When in doubt, get creative, like using an ironing board as a makeshift standing desk. But if you possibly can, it’s worth splashing out on some comfort. “If you’re going to be working from home for a long time” – and most experts predict that we will – “it really does pay to invest in a good workstation, even if it’s a very small workstation,” adds Hallbeck.
Breaking your brain
When you work from bed for a year, it doesn’t just potentially wreck your body. It’s possibly bad for your productivity and sleep habits, too.
“As sleep specialists, we tend to recommend that the bed should be for the three Ss: sleeping, for sex or for when you’re sick. That’s it,” says Rachel Salas, associate professor of neurology and sleep expert at Johns Hopkins University in Maryland.
“The more you watch TV in bed, play video games in bed and not sleep in bed, your brain starts learning, ‘oh, OK, we can do any one of these activities in bed’. It starts building these associations, which eventually evolve into conditioned behaviours.”
Not only does working from your bed spell potential ergonomic disaster, but it can rewire your brain to disassociate your bed with sleep (Credit: Alamy)
This is what experts call ‘sleep hygiene’ – essentially, best practice as it relates to being in bed. Putting on your pyjamas at night is good sleep hygiene because it tells your body it’s time to start shutting down. Doomscrolling or sending emails in bed is bad sleep hygiene.
So, when you set up shop in bed with your laptop, phone, Slack and all the glowingscreens your job requires every day, your brain and body eventually stop associating bed with rest. That’s a big reason why the pandemic has led to ‘coronasomnia’, says Salas, referring to the global spike in insomnia and sleep disorders that has accompanied Covid-19.
“You’re really training your brain to be alert, and [telling it] this is where your ideas come and this is where it’s full work mode” when you WFB, adds Salas. “When you’re trying to wind down and go to sleep, your brain is like – ‘wait a minute, what are we doing? This is work time’.”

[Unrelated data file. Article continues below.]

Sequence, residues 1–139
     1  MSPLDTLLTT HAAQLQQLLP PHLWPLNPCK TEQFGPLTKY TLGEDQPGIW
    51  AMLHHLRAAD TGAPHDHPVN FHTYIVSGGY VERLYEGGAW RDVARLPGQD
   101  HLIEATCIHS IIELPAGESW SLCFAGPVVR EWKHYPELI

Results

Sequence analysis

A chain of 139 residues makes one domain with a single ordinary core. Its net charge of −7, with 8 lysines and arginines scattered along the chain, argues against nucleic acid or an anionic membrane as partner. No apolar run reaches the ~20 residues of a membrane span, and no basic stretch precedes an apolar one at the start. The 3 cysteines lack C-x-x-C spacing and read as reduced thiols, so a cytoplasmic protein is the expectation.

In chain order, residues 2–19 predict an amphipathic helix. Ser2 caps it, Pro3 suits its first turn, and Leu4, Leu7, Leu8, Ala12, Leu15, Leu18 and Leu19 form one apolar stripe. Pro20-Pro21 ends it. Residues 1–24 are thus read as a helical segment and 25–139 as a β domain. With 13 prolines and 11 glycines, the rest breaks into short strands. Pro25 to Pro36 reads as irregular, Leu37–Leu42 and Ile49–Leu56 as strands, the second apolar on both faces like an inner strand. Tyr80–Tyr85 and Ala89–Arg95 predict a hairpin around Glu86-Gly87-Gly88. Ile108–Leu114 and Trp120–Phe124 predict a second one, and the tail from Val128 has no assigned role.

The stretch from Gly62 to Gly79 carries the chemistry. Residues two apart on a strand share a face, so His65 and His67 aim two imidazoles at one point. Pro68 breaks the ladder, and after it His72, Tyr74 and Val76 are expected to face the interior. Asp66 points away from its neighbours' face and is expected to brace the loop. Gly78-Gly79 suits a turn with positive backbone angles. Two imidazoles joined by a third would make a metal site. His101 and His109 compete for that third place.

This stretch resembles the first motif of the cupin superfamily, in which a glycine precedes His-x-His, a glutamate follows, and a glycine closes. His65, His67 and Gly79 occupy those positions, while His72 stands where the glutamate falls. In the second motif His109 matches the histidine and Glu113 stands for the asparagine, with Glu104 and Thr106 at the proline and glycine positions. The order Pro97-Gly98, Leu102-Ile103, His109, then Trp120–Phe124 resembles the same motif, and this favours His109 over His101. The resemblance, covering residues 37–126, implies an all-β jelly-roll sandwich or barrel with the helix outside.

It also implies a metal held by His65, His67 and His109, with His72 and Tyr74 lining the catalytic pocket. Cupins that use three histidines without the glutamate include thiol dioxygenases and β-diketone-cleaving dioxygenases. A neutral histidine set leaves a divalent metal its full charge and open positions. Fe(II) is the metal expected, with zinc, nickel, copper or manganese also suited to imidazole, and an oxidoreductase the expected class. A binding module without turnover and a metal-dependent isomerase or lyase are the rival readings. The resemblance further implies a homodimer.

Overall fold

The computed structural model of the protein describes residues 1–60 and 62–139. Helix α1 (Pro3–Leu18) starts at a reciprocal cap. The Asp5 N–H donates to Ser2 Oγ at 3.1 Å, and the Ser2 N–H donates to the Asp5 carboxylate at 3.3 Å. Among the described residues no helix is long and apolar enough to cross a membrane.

Doing this for a year, or any extended period of time, could lead to insomnia, or to something called circadian rhythm disorder. That’s when our bodies’ natural clocks, that tell us when it’s time to sleep, get thrown out of whack in the long term. Salas says it can also aggravate non-sleep-related issues you may have, like restless leg syndrome, in which case the affected body parts need rest to avoid the symptoms associated with the condition.
And disturbed nights, body pain or both mean that work-wise, you’re less likely to be productive, creative or focused, the experts say, making it likely your work could suffer.
A problem for everyone?
The most pernicious issue, however, is that all those potential problems may show up in some WFB workers, but not in others.
“Some people will swear that it’s not an issue for them: they can work in bed, they can sleep in bed,” says Salas. “They can do whatever they want in bed and it doesn’t negatively affect their sleep.”
Genetics, environmental factors, how bad the habits are and how long you do them, your age: all of these play a role in whether working from bed for a year or longer is actually going to be bad for you. “It’s not a dose-response relationship,” says Hallbeck.
And although working from bed may not necessarily be something you can change – or want to change – it’s important to keep in mind that your body and brain may not feel the fallout at the moment. But they could, someday. “They won’t feel it right now,” says Hallbeck, especially of younger workers who WFB. “But as they age, it will pop up.”
It may feel like one more thing to worry about in the Covid-19 era. But if this period has taught us anything, it’s that, as far as health goes, it’s better to be safe than sorry. “If you don’t have any of the negative effects, great,”says Salas. “But that might not always be the case.”
You can find the original article here